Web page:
Fifteen-year-old Roller Deb lives in her trailer park home with her alcoholic mother and beauty pageant sister, Gennifer. When Gennifer is kidnapped by drug-dealer and troll prince Dave, it’s up to Deb to save her. With the help of the mysterious but good troll Harlow, Deb will take on the troll king Jarod McJagger himself. All too soon, though, Deb is entranced (literally) by the underground world of fairy drugs and roller derby. Harlow will have to unravel the prophecy and Deb will have to find her true power if either ever wishes to defeat the evil king and rescue Gennifer.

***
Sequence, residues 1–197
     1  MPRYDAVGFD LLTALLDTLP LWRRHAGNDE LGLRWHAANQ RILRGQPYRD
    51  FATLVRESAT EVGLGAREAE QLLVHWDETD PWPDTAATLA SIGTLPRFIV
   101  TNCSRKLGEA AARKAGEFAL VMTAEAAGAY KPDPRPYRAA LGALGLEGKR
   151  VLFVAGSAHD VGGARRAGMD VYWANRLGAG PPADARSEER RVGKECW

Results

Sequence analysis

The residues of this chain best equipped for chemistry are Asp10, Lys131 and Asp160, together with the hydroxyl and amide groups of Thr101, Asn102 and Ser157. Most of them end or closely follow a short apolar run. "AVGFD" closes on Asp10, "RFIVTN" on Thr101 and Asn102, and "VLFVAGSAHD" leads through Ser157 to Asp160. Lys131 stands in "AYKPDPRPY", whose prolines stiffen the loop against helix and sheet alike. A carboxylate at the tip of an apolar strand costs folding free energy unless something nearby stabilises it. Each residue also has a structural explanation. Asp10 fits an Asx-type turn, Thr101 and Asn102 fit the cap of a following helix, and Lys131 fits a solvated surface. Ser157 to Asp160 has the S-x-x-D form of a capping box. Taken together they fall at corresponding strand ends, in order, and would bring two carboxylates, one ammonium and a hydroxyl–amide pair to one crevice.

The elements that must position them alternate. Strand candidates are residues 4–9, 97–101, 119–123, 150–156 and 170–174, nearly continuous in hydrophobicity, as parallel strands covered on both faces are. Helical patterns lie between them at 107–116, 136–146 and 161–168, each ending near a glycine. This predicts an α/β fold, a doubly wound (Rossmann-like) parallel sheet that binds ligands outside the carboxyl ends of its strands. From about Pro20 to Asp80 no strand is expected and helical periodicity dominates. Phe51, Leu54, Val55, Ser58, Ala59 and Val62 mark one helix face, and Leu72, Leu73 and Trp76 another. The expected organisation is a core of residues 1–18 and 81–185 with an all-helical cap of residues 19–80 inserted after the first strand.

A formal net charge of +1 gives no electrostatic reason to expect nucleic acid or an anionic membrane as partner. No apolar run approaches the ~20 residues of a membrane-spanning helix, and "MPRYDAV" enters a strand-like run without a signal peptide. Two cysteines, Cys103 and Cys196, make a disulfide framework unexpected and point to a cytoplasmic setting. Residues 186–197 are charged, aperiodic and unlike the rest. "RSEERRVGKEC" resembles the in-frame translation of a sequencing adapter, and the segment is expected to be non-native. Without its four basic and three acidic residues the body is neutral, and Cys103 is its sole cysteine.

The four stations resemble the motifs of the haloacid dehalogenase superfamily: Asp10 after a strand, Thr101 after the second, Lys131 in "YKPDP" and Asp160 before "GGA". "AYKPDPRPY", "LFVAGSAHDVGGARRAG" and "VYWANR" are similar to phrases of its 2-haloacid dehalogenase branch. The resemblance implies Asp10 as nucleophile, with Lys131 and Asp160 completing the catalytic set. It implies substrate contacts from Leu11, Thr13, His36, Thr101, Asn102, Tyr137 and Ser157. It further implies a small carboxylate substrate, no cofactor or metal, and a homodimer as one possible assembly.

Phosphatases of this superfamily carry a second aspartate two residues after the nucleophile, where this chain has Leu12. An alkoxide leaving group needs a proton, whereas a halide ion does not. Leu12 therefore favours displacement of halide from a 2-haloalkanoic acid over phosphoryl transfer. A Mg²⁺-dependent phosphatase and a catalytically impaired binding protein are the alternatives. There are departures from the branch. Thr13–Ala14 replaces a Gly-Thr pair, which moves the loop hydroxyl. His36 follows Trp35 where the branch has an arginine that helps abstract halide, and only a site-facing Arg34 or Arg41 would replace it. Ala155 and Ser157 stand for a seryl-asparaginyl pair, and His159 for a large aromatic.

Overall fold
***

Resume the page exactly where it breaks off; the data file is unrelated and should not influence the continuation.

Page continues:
This book is, more than anything, a comedy. One of my favorite lines comes late in the book and is a perfect example of the kind of humor one can expect from Red Tash in her novel: “His voice boomed through the cavern like the MetaTron himself. (I saw a movie once, where the MetaTron was the voice of God. It’s either that, or a Transformer.)” The comedy is one of the few redeeming aspects of this otherwise mediocre novel. The characters are flat, uninteresting, and in some cases, are literal caricatures. (I’m looking at you, Madame Zelda, nomadic Eastern European fortuneteller princess.) The plot and world-building are underdeveloped and the prose is mediocre. I would recommend this book for younger teens or anyone looking for an easy, humorous read. (Or, roller derby fanatics!) If you’re looking for a great lesbian coming of age story or an interesting take on the Fae, go elsewhere.